Based on this article, it is apparent that MICE works with the following logic:

  1. Fill missing values in every column apart from the column in question with either random or the mean of the given values
  2. Use these feature sets as dependent values to regress given values in the column in question (dropping missing values)
  3. Use the model trained on given values to predict missing values in the column in question
  4. Cycle through the other columns using these given values and the predictions a set number of iterations (minimum of however many columns with missing data plus a certain factor)

It seems that this method for imputing missing values requires at least 2 variables with missing values, as the iteration is done with predictions for each column with missing values to introduce error into the imputation process.

Say you only have one feature with missing values (ie 10 features; 1 feature is missing 10% of rows; 9 features are 100% filled). Will MICE work in this scenario, or will it be reduced to simple/singular imputation? In other words, does MICE require datasets with more than one feature to impute missing values on?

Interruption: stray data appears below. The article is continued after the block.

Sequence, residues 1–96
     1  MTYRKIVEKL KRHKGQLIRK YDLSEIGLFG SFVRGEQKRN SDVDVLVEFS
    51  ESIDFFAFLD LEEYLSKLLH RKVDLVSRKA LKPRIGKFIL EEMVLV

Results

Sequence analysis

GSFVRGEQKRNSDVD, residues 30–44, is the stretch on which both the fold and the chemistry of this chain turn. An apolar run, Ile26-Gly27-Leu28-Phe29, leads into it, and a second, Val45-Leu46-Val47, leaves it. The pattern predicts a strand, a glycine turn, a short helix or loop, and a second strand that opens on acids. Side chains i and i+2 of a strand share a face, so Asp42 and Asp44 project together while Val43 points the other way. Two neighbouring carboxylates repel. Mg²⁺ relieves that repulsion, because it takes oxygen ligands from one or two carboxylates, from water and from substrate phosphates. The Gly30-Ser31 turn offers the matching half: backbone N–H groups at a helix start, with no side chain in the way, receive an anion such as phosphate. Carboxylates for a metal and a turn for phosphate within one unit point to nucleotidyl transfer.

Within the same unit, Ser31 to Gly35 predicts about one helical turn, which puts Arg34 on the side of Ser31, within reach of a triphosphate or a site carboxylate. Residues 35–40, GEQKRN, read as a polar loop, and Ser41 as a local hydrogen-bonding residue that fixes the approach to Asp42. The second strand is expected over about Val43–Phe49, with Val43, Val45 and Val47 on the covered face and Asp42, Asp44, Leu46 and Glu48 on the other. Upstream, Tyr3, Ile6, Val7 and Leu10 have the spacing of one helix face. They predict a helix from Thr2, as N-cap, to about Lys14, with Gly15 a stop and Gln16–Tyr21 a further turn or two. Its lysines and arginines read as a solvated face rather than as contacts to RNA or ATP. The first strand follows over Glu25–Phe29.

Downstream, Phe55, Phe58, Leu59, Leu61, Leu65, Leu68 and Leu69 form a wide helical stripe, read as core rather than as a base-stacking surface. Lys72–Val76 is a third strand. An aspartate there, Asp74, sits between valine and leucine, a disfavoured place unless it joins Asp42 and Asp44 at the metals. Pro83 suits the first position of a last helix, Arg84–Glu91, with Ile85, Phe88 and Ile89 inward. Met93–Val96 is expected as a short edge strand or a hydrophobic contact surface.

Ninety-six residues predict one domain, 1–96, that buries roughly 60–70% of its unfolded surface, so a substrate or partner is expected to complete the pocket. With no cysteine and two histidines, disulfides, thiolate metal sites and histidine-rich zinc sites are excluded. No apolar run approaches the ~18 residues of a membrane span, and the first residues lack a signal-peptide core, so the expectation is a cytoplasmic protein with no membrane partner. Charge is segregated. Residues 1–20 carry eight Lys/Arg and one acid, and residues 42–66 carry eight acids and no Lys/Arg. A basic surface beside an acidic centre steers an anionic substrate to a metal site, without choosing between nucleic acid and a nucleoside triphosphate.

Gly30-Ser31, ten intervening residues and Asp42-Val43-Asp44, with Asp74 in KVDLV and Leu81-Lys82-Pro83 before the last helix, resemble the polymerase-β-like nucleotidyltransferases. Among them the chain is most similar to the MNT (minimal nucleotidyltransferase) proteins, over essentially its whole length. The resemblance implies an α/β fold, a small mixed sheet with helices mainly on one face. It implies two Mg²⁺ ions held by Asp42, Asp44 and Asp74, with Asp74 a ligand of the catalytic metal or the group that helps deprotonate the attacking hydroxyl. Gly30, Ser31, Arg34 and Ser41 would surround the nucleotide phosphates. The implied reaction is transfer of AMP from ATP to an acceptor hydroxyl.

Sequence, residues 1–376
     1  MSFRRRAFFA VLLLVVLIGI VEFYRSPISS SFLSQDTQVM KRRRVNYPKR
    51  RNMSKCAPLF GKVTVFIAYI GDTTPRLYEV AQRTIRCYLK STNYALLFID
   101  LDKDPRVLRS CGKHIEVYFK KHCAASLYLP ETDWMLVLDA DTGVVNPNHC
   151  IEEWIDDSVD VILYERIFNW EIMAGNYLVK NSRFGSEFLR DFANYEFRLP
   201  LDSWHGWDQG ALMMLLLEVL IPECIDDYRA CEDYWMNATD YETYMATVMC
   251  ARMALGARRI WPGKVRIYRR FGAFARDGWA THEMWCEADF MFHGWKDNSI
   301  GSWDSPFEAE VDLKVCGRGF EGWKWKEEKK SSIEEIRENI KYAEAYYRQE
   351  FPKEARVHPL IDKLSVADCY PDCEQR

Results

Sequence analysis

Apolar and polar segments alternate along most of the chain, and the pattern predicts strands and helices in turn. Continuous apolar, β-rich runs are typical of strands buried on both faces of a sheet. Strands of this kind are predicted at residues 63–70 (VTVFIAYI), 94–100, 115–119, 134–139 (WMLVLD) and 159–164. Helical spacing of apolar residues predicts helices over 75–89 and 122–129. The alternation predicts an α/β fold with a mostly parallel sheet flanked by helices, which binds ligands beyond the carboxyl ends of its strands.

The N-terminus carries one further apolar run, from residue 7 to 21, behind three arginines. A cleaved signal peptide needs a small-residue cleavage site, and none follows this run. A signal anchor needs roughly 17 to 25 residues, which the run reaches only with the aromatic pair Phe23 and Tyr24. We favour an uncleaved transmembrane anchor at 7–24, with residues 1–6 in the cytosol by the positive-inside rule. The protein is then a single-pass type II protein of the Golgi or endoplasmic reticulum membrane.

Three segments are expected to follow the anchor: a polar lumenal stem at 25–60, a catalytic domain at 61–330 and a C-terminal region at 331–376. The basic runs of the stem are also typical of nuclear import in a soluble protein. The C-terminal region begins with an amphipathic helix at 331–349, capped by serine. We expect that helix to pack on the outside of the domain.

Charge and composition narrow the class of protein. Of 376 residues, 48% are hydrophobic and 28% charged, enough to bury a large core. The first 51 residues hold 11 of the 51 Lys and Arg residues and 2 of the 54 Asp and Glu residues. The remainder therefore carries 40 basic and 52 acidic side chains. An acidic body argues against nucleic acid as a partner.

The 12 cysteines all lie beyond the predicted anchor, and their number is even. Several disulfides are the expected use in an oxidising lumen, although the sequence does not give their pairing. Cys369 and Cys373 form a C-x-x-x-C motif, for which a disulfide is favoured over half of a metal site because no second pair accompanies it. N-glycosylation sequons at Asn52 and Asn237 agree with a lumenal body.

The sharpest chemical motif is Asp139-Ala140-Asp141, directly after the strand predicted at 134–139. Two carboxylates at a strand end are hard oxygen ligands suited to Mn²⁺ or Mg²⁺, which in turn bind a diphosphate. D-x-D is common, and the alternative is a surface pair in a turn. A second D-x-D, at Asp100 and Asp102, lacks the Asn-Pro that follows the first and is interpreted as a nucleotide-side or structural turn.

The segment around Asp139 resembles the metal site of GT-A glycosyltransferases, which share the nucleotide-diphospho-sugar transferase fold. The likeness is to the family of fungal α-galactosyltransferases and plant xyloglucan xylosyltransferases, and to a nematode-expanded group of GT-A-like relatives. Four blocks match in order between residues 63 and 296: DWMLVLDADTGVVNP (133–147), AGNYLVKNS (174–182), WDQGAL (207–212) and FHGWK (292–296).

1 Answer 1


Multiple imputation certainly works fine with just one incomplete variable/feature. The difference is that with only one variable with missing values there is no need for the procedure to be iterative and no need for the 'chained equations' aspect of mice. The imputation model for the incomplete variable is fitted to those rows with the variable observed, posterior draws of the imputation model parameters are taken, and the multiple imputations are drawn conditional on these and the predictor variables used.


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